Trucial Oman Scouts

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The Trucial Oman Scouts was a paramilitary force that the British raised in 1951 as the Trucial Oman Levies, to serve in the Trucial States. In 1956, the Levies were renamed the Trucial Oman Scouts. In 1971, the Scouts were renamed Union Defence Force (UDF) upon the formation of United Arab Emirates (U.A.E.)

Trucial Oman Levies[edit]

The Trucial Oman Scouts were established at Sharjah originally as the Trucial Oman Levies (TOL) in 1951, but renamed in 1956 by Chief of the Imperial General Staff (CIGS) Field Marshal Templar.[1] They were originally to be used to suppress the slave trade (but not slavery itself as this was an internal affair) and later expanded to include the protection of British political officers, to help maintain law and order, assist the Rulers in fulfilling their treaty obligations as regards the slave trade.[1] The Scouts' role was expanded to become a military force after the arrival of a Saudi Arabian force in the Buraimi Oasis in September 1952. Major Hankin Turvin, seconded from the British Army, commanded the TOL, with the assistance of two Jordanian officers and 32 other ranks seconded from the Arab Legion.[2] It was later expanded to 30 British officers in command positions, with a handful of Arab officers. It recruited its soldiers locally, mostly from Abu Dhabi. By 1952 the force numbered some 200 men.[2] There were also Yemeni soldiers assigned to the Trucial Oman Scouts from the Aden Protectorate Levies (APL), a British colonial militia based in South Yemen. It finally reached battalion strength.

In November 1952, some TOL soldiers were believed to be selling ammunition to the Saudis in Buraimi. Major Otto Thwaites, the commander of the TOL, went to Buraimi to investigate. There three Yemeni soldiers of the TOL shot him dead. A Jordanian Regimental Sergeant Major, Daud Sidqi, and a Royal Air Force doctor, Flying Officer A.L.C. Duncan, were also killed in the attack, and two British NCOs, Sergeant Chinn and Corporal Cruickshank, were wounded, but they were able to drive away and get help. The three Yemeni soldiers who had carried out the attack fled to Saudi Arabia, but were eventually returned to Sharjah to stand trial after the intervention of His Highness Sheikh Zayed bin Sultan Al Nahyan of Abu Dhabi. The shootings revealed a key weakness in not screening the Yemeni soldiers from the APL before they joined the Trucial Oman Levies.

The first major achievement of the Levies was the cessation of the slave trade into Saudi Arabia and abductions into slavery, especially in the area of the Buraimi oasis, and by the end of 1951 this trade had reportedly ceased.[2] By 1955, the Trucial Oman Levies had 500 paramilitary personnel organized into three rifle squadrons. In 1956, the force was organised into four rifle squadrons, including one squadron based at the Al Buraimi Oasis.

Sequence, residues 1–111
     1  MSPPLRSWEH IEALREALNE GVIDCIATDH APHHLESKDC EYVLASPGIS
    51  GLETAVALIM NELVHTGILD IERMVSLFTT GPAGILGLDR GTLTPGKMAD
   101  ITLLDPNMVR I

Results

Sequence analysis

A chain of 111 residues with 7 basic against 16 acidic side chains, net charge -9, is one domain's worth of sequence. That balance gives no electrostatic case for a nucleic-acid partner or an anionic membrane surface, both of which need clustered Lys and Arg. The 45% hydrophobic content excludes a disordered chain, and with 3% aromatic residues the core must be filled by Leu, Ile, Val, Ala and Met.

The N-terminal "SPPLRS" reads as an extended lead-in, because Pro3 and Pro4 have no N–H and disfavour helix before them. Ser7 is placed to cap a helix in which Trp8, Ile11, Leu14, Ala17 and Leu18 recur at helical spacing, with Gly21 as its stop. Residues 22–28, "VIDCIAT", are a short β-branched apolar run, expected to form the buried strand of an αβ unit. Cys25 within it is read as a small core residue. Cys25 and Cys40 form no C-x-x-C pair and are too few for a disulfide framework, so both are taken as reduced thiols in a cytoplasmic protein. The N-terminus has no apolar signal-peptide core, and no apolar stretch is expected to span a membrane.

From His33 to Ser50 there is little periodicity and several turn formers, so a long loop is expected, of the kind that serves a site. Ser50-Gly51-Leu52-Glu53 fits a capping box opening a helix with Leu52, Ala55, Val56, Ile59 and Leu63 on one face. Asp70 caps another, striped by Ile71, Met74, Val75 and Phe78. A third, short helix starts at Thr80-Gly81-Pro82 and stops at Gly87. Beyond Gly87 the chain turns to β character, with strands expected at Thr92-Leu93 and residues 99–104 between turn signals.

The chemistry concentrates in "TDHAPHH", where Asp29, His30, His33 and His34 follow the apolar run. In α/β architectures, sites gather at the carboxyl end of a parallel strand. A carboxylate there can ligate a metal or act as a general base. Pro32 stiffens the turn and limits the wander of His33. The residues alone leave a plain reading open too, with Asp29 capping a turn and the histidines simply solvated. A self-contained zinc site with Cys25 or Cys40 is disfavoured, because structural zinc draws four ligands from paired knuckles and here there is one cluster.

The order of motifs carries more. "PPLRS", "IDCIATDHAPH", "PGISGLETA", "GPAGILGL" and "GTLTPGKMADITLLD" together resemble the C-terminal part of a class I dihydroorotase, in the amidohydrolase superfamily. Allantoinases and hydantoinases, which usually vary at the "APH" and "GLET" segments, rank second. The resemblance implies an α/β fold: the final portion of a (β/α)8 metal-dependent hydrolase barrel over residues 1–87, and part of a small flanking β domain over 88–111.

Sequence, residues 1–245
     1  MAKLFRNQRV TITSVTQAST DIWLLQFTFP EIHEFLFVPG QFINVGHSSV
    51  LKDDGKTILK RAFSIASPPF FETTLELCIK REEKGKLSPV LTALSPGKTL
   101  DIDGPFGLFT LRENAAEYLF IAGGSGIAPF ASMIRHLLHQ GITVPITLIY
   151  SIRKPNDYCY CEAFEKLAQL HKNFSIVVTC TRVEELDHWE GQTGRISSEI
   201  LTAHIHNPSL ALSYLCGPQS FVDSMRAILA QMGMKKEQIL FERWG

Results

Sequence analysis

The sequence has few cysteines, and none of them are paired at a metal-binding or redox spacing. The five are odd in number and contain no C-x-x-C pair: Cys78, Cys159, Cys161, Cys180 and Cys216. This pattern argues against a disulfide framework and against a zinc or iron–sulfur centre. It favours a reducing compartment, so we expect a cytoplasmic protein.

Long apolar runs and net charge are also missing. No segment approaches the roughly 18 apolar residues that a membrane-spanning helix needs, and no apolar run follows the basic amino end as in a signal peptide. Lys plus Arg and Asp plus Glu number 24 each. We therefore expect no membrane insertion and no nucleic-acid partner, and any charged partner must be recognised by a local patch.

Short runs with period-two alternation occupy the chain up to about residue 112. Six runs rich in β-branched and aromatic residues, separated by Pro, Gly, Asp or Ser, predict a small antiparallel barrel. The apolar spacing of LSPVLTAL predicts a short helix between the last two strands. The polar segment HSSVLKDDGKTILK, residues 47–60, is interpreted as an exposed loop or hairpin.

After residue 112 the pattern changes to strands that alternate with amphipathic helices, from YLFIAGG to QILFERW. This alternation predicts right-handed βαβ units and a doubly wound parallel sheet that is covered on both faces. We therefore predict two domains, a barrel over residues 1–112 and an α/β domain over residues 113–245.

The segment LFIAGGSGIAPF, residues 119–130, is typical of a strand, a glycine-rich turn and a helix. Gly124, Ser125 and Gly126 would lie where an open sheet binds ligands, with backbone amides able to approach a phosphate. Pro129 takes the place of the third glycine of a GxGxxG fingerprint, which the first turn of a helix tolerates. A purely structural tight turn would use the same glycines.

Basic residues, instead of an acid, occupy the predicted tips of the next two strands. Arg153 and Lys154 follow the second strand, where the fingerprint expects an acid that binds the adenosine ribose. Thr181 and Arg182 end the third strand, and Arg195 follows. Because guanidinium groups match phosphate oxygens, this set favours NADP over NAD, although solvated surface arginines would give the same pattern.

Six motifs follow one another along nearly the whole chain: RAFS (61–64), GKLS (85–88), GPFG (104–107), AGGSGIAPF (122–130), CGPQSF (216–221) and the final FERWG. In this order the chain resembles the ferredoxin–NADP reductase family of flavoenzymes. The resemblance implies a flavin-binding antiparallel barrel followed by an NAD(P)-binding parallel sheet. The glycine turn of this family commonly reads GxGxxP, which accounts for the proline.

The Trucial Oman Levies fought a brief battle at the Al Buraimi Oasis on 26 October 1955. Two rifle squadrons deployed, along with troops from the Sultan of Muscat and Oman's personal guard, forcibly to evict a 40-man Saudi Arabian armed police garrison in an old fort and the village of Hamasa. The Saudi garrison had been based there since August 1952 when they occupied the Buraimi Oasis following an armed clash in which three people were killed.

The TOL operation in October 1955 resulted in nine deaths, including seven Saudi policemen/military personnel and two TOL soldiers, Jundi (private) Obaid Mubarak al Katabi and Jundi Sayid al Hadhrami. Three TOL soldiers were decorated for gallantry during this battle. Captain A. R. Steggles was awarded the Military Cross for saving a wounded TOL soldier under heavy fire. Sergeant Mohammed Nakhaira was awarded the Military Medal for his "courage, cool nerve and leadership." Lance Corporal Said Salem was awarded the Military Medal for driving a vehicle under heavy fire to deliver ammunition and retrieve wounded. Lance Corporal Salem was wounded in the fighting, and showed "the highest standard of personal courage and devotion to duty."

The source of the conflict was an acrimonious disagreement over claims to the Al Buraimi Oasis, disputed since the nineteenth century among tribes from Saudi Arabia, Abu Dhabi, and Oman. Although the tribes residing in the several settlements of the oasis were from Oman and Abu Dhabi, followers of the Wahhabi religious movement[citation needed] that originated in what is now Saudi Arabia had periodically occupied and exacted tribute from the area. Oil prospecting began on behalf of Saudi oil interests, and, in 1952, the Saudi Arabians sent a small constabulary force to assert control of the oasis. When arbitration efforts broke down in 1955, the British dispatched the Trucial Oman Levies to expel the Saudi Arabian contingent. After a new round of negotiations, a settlement was reached whereby Saudi Arabia recognized the claims of Abu Dhabi and Oman to the oasis. In return, Abu Dhabi agreed to grant Saudi Arabia a land corridor to the Persian Gulf and a share of a disputed oil field. Other disagreements over boundaries and water rights remained, however.

Trucial Oman Scouts[edit]

By 1957, the Scouts included 160 British officers and soldiers and, by 1960, had 1,000 paramilitary personnel. The Trucial Oman Scouts fought in the Jebel Akhdar War in the Sultanate of Oman between 1955-1959, a rebellion against the Sultan of Muscat. Sergeant Major Khamis Hareb was awarded the Military Medal for his "fine leadership and courage" on 21 August 1956. Sir George Middleton, the British Political Resident in the Trucial Coast, pinned the medal on Sergeant Major Hareb. In January 1962, John Profumo, the British War Minister visited and inspected the Scouts in Aden, and chatted to one of the British Sergeants: Bert Baverstock.[3] The final defeat of the rebels took place in January 1959 in an action led by the British SAS that the Trucial Oman Scouts supported, along with the Sultan's Northern Frontier Regiment.